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For water bears, the glass is all full

When they dry out, tardigrades protect key body bits with orderly proteins

4:08pm, December 16, 2015

LIFE’S A GLASS  Water bears, or tardigrades, make proteins that turn into glass when the microscopic animals dry out. The glass preserves other proteins.

SAN DIEGO — Water bears turn into glass when they dry out.

That glazing enables the hardy microscopic creatures, also known as tardigrades, to withstand extreme desiccation, biologist Thomas Boothby of the University of North Carolina at Chapel Hill reported December 15 at the annual meeting of the American Society for Cell Biology.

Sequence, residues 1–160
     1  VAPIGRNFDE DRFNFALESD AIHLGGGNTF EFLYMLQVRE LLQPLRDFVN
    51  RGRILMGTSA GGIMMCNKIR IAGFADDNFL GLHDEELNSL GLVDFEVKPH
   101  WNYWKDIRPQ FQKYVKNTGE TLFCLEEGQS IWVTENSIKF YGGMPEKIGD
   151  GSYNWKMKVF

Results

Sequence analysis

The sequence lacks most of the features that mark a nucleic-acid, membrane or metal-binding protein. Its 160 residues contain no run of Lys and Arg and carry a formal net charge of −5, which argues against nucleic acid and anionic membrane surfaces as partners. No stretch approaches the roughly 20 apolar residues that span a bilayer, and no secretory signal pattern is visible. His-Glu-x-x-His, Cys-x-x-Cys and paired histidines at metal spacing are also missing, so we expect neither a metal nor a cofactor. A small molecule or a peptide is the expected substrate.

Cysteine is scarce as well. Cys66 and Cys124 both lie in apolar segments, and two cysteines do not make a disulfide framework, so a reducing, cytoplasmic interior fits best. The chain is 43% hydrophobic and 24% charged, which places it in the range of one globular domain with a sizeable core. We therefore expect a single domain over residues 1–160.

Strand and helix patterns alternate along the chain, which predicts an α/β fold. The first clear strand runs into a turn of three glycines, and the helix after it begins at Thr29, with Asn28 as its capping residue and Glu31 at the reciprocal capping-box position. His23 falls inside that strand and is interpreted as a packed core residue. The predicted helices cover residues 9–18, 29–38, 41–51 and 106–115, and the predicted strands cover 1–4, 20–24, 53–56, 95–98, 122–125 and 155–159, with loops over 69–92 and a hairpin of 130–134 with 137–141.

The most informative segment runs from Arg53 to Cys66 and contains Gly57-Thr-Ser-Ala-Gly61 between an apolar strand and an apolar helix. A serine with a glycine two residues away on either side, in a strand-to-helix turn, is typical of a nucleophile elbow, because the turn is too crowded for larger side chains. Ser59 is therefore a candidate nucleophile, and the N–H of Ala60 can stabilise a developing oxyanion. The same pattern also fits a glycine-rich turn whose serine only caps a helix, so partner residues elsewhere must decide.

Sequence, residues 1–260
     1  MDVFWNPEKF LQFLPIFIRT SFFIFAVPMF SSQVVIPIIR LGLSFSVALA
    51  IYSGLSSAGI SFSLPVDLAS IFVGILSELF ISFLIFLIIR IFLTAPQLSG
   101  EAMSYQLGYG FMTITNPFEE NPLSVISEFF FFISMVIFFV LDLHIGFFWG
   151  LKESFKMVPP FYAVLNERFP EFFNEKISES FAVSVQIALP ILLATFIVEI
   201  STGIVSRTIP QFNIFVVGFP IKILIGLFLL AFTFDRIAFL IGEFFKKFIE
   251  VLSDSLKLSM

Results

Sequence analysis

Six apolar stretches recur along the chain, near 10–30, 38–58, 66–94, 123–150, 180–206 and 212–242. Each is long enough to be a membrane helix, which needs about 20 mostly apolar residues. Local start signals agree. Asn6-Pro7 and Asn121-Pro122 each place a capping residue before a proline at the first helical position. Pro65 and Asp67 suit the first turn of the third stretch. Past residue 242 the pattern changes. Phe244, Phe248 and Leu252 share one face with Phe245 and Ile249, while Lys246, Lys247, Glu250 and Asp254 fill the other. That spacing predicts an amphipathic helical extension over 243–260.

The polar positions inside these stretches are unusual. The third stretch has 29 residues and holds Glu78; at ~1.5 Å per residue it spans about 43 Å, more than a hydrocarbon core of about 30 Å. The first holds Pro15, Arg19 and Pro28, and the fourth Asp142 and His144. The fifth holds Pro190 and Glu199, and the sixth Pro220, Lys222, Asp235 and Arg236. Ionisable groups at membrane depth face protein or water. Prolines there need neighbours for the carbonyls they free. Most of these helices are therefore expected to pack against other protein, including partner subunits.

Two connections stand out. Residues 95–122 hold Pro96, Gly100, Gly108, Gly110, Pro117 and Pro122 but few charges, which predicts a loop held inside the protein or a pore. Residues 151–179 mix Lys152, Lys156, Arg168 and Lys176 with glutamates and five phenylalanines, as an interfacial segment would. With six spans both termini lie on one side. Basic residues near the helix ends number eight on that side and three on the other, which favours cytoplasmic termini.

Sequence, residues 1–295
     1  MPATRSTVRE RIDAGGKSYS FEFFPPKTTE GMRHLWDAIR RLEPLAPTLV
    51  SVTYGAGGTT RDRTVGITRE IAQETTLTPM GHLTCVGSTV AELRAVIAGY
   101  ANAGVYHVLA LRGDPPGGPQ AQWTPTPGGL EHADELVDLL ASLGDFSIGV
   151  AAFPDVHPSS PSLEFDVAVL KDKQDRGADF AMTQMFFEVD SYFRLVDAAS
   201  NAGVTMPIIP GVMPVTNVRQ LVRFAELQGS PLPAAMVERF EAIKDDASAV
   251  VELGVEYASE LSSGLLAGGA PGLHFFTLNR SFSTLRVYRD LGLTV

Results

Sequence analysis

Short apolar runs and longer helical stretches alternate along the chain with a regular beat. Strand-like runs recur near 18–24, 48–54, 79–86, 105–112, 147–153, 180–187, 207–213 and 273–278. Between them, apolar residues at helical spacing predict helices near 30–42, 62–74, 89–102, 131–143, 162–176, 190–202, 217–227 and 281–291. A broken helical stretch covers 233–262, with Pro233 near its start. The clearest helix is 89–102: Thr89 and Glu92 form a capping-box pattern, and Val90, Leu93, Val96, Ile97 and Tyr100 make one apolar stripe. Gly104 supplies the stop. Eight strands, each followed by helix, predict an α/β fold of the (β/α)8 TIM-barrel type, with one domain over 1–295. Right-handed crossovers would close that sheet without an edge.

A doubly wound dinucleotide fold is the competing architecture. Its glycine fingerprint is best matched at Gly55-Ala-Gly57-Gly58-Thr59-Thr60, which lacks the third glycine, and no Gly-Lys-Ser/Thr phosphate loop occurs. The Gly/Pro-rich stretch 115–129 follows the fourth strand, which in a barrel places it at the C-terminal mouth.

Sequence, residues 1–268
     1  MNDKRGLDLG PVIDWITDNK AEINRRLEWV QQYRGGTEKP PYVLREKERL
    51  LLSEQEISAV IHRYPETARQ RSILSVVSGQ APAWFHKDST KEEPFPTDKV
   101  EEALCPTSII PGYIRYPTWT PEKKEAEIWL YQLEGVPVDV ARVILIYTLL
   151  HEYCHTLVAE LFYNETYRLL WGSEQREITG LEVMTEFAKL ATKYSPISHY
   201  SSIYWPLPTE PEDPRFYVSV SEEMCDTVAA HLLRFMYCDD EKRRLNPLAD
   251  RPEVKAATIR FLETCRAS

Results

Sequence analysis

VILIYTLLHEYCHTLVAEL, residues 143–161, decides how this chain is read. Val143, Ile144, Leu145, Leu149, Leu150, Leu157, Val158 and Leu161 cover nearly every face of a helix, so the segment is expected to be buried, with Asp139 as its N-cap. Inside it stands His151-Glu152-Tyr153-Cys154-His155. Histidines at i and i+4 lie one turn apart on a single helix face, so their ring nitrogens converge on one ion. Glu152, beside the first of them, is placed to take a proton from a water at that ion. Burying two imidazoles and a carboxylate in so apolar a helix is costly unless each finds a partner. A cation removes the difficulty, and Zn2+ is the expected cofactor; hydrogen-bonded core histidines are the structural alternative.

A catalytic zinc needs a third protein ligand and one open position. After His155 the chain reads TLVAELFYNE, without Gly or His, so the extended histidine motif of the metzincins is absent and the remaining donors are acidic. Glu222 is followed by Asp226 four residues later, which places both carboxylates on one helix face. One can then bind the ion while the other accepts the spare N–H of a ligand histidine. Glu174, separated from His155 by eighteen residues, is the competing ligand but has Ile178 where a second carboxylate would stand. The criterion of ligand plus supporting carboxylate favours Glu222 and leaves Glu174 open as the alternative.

Boothby and colleagues discovered that water bears make a lot of certain proteins in dry conditions. Those proteins are floppy and unformed when tardigrades are hydrated. As the animals dry, the proteins fold into a glasslike solid that encases and protects other proteins and molecules that would normally fall apart when dried. Adding water melts the glass and the tardigrade recovers. Yeast engineered to produce the tardigrade glass proteins survive desiccation better than they normally do, Boothby’s collaborators discovered.

Reducing levels of

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